Wednesday Night VA Hearing Showcases Lawmakers’ Frustrations (Updated) (Video)
Posted at 4:05 p.m. on May 28
Miller joined a growing chorus of members calling for Shinseki’s resignation. (Bill Clark/CQ Roll Call File Photo)
Updated 8:10 p.m. | Calls for the resignation of Secretary of Veterans Affairs Eric Shinseki grew louder on Capitol Hill Wednesday, as the House Veterans’ Affairs Committee attacked the VA for not being forthright with information and an internal audit revealed that problems at a veterans’ medical facility in Phoenix were more extensive than previously reported.
House Veterans’ Affairs Chairman Jeff Miller of Florida said the latest revelations, part of a preliminary inspector general report released Wednesday, raised concerns of criminal misconduct and have convinced him Shinseki should step down or be fired.
“Attorney General Eric Holder should launch a criminal investigation into VA’s widespread scheduling corruption and VA Secretary Eric Shinseki should resign immediately,” Miller said in a statement Wednesday.
On Wednesday night, the Veterans’ Affairs Committee held a hearing to receive testimony from the VA in response to subpoenas the panel put out earlier this month, and Miller didn’t hold back his criticism.
“I will not stand for a department coverup,” Miller said at the outset of the hearing.
The VA responded to the committee’s subpoena Tuesday night. But, Miller said that given the VA’s pattern of “stonewalling” committee requests, he was “not at all convinced” the VA had been forthright in responding to the subpoenas.
The Florida Republican said he knew the VA was withholding at least three documents, citing attorney-client privilege, and Miller hammered the three VA witnesses in a grand show of congressional drama after one witness revealed he had taken notes during an internal investigation of the Phoenix hospital but had not turned over those notes to the committee.
“Until VA understands that we’re deadly serious, you can expect us to be over your shoulder every single day,” Miller said.
At one point, Miller grew so angry over the witnesses’ responses that he stopped one answer by shouting, “Veterans died! Get us answers, please!”
Democrats on the panel also expressed frustration.
“Let me be clear: I am not happy,” said the committee’s ranking Democrat Michael H. Michaud of Maine.
Michaud said while he was not “completely satisfied” with the VA’s response to subpoenas, there did seem to be a recent shift in the VA’s cooperation with the investigation.
By Wednesday evening, after news of the new inspector general’s report had spread, at least 37 House members had called on Shinseki to resign, with 10 of those pleas coming from House Democrats.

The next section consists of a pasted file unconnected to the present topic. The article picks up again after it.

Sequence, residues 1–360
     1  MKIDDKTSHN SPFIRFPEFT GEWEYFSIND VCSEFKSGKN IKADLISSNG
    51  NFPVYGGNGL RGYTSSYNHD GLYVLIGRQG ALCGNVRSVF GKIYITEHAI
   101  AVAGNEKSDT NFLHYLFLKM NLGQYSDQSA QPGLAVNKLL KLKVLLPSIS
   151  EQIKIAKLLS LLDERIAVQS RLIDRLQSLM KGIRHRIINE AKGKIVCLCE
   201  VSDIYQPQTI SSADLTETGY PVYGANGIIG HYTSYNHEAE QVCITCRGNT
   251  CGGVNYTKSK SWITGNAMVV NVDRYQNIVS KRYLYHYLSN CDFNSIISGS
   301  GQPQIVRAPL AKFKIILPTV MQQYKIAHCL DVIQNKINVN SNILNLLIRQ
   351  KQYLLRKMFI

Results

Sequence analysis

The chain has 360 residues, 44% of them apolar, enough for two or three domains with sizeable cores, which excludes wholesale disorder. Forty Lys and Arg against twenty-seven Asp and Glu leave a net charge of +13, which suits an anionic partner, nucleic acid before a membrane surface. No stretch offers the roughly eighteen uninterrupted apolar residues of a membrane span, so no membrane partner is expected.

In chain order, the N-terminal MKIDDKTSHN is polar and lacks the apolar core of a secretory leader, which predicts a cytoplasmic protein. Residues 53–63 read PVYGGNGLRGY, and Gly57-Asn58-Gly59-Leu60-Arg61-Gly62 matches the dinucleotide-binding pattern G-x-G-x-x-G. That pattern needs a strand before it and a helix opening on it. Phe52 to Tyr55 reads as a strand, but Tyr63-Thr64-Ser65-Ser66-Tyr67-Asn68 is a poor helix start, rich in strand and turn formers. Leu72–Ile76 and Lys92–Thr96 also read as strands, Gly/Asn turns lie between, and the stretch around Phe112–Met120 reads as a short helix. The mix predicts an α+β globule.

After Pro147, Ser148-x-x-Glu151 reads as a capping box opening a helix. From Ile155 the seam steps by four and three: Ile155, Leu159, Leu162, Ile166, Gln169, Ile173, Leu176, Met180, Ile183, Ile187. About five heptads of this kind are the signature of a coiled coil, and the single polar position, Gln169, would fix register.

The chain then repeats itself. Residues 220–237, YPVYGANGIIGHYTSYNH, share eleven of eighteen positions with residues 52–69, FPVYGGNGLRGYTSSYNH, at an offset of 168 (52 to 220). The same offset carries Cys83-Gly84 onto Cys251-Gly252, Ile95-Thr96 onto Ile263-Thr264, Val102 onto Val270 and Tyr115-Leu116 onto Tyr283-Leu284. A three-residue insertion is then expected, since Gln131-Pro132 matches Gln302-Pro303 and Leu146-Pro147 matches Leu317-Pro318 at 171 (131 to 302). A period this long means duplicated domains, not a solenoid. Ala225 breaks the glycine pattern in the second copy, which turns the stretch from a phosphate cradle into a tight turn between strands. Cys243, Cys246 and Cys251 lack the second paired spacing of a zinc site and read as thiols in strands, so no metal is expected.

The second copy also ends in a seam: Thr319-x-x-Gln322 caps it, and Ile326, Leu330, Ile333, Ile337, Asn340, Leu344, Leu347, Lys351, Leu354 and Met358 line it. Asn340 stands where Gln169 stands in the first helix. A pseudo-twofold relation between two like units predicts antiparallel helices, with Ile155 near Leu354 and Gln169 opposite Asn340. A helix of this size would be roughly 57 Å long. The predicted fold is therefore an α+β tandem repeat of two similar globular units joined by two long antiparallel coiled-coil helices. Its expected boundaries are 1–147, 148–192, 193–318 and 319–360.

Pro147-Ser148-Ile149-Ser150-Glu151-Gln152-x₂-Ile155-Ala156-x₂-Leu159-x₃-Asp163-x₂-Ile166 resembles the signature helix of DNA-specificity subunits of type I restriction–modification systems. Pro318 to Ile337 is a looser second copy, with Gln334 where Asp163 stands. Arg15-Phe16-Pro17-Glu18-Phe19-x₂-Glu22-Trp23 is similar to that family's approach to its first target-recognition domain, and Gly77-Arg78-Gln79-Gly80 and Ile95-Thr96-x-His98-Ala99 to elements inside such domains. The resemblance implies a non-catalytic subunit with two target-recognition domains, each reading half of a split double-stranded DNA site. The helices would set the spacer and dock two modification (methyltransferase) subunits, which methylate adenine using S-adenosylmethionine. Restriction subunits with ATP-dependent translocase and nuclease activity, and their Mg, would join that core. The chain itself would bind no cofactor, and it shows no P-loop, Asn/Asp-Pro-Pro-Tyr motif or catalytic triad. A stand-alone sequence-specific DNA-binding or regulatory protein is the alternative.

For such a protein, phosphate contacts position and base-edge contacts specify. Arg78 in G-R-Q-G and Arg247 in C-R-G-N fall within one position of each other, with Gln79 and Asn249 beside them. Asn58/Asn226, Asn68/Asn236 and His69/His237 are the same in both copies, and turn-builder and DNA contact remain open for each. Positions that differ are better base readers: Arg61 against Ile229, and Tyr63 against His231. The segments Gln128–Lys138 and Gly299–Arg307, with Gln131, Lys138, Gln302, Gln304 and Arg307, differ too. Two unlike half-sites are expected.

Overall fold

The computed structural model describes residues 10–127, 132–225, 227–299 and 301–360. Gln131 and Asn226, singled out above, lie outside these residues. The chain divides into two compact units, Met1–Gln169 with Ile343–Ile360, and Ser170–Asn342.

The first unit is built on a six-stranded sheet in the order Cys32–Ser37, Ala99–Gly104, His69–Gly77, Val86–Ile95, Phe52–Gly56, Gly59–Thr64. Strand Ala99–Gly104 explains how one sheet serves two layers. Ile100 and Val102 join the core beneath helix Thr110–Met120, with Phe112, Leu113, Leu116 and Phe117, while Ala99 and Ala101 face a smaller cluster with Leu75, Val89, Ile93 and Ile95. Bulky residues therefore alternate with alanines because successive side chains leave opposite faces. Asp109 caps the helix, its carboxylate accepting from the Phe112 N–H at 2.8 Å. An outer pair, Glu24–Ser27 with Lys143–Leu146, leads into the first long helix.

In addition to the House criticism, 12 senators have now called on Shinseki to step down, including three Democrats. Among the Republicans calling for Shinseki’s head was Sen. John McCain, who had been holding back on calling for the former four-star general’s resignation.
McCain, in an appearance on CNN, said it was time for Shinseki to “move on.”
Shinseki, in a statement responding to the report, said the new findings were “reprehensible,” and the flood of releases calling for Shinseki’s resignation seemed to back that up.
Miller issued his strongly worded statement shortly after the release of the interim VA inspector general report on patient wait times and VA scheduling practices at the Phoenix veterans’ hospital.
“Today the inspector general confirmed beyond a shadow of a doubt what was becoming more obvious by the day: wait time schemes and data manipulation are systemic throughout VA and are putting veterans at risk in Phoenix and across the country,” Miller said.
In the preliminary, 35-page report the VA inspector general found 1,700 veterans waiting for a preliminary appointment at the medical facility in Phoenix who were not on the official electronic waiting list, confirming the existence of a secret waiting list intended to downplay the time it takes for a veteran to see a doctor.
The Phoenix VA health facility reported an average wait time of 24 days for a veteran’s first doctor’s appointment in fiscal 2013, with 43 percent of those veterans waiting more than 14 days. The report Wednesday, however, claimed the real average wait time was 115 days, with 84 percent of veterans waiting more than 14 days.
That was more than enough to prompt Miller to say Shinseki should resign and Holder should investigate.
Miller said in his statement that he thought Shinseki was a good man who had served his country honorably.
“But he has failed to get VA’s health care system in order despite repeated and frequent warnings from Congress, the Government Accountability Office and the IG,” Miller said.
“What’s worse,” Miller continued, “to this day, Shinseki — in both word and deed — appears completely oblivious to the severity of the health care challenges facing the department.”
Miller said the VA needed a leader who would take “swift and decisive action” to discipline employees responsible for the mismanagement, negligence and corruption at the department while taking steps to address VA’s accountability.
“Sec. Shinseki has proven time and again he is not that leader,” Miller said. “That’s why it’s time for him to go.”
In VA Scandal, More Senators Call for Shinseki Ouster, FBI Investigation
2014′s Vulnerable Democrats Demand Eric Shinseki Departure in VA Scandal
For Walorski, VA Scandal Is More Than Political: It’s Personal